In addition, despite the fact that Yahoo!'s profits dropped by 4.6 percent in the last quarter (year on year), its revenues grew in the same period by 11.8 percent. If Microsoft thought about it like a retail investor (or Warren Buffett), it would note two things: the drop in Yahoo!'s share prices make it a much more attractive buy than it was last May; and Yahoo!'s steady stream of revenues makes a nice return on Microsoft's investment all by itself. One analyst on CNBC estimated that return at 5 percent annually – not bad given today's interest rates.

Back in 2000, at the height of the bubble, when AOL merged with Time-Warner (a marriage both have lived to regret), I did a bit of fantasy matchmaking that regrettably has vanished off the Telegraph's site, pairing dot-coms and old-world companies for mergers. In that round, got Wal-Mart (or, more realistically, K-Mart), E*Trade passed up Dow-Jones, publisher of the Wall Street Journal (and may I just say how preferable that would have been to Rupert Murdoch's having bought it) in favor of greater irony with the lottery operator G-Tech, Microsoft got Disney (to split up the ducks), and Yahoo! was sent off to buy Rupert Murdoch's News International.

Google wasn't in the list; at the time, it was still a privately held geeks' favorite, out of the mainstream. (And, of course, some companies that were in the list – notably eToys and QXL – don't exist any more.) The piece shows off rather clearly, however, the idea of the time, which was that online companies could use their ridiculously inflated stock valuations to score themselves real businesses and real revenues. That was before Google showed the way to crack online advertising and turn visitor numbers into revenues.

It's often said that the hardest thing for a new technology company is to develop a second product. Microsoft is one of the few who succeeded in that. But the history of personal computing is still extremely short, and history may come to look at DOS, Windows, and Office as all one product: commercial software. Microsoft has seen off its commercial competitors, but open-source is a genuine threat to drive the price of commodity software to zero, much like the revenues from long distance telephone calls. Looked at that way, there is no doubt that Microsoft's long-term survival as a major player depends on finding a new approach. It has kept pitching for the right online approach: information service, portal, player/DRM, now search/advertising. And now we get to find out whether Google, like very few companies before it, really can compete with Microsoft. Game on.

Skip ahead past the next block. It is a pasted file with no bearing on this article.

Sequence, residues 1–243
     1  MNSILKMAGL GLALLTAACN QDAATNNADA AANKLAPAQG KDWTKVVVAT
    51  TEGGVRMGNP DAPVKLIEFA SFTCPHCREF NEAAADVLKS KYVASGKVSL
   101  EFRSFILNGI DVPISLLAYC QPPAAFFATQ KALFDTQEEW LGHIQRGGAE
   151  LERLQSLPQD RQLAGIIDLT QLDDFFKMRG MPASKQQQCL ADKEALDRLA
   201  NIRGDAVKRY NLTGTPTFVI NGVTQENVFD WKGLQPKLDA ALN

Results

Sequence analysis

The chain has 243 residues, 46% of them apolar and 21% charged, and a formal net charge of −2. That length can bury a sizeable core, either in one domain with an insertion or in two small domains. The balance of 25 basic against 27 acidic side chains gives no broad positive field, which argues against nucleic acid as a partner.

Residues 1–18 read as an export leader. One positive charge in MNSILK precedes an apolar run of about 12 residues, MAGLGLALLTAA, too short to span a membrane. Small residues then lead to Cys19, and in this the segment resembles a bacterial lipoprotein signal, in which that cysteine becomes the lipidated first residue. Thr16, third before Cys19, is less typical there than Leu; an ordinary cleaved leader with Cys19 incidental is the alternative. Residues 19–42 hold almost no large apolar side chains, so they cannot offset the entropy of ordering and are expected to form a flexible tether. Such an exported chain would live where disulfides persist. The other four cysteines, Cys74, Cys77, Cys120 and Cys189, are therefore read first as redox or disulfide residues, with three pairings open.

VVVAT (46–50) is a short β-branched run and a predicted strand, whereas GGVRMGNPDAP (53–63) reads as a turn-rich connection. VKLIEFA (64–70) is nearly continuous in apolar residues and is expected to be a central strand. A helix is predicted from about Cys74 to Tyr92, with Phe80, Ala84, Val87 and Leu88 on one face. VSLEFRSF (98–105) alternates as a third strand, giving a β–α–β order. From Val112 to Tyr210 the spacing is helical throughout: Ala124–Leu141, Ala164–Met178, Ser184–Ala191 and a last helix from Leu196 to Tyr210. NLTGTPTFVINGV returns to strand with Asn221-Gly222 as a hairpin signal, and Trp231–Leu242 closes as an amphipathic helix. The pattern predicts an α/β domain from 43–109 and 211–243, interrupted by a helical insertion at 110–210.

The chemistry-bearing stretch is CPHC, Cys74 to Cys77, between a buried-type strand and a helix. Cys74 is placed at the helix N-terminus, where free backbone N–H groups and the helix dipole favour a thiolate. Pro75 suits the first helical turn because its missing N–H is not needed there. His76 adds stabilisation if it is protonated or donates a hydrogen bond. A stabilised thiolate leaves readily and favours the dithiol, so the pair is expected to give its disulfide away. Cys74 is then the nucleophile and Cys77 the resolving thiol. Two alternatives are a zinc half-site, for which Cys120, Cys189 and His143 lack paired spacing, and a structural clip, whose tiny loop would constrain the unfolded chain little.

Wendy M. Grossman’s Web site has an extensive archive of her books, articles, and music, and an archive of all the earlier columns in this series. Readers are welcome to post here, at net.wars home, at her personal blog, or by email to (but please turn off HTML).

February 16, 2007

Quick fix

The other day, I noticed that the personal finance software I've been using since January 2, 1993 (under DOS!), Quicken, had started responding to requests to download stock quotes this way: "Quicken was unable to process the information in the file that was downloaded. We recommend that you try again." (It's their version of Sisyphus's torture: trying again produces the same message.)

It must be a couple of years since I started seeing warnings that Quicken was going to disable quotes in older versions of its software. My version, 2000, probably should have stopped functioning in 2004. But I'd begun to think it would never happen.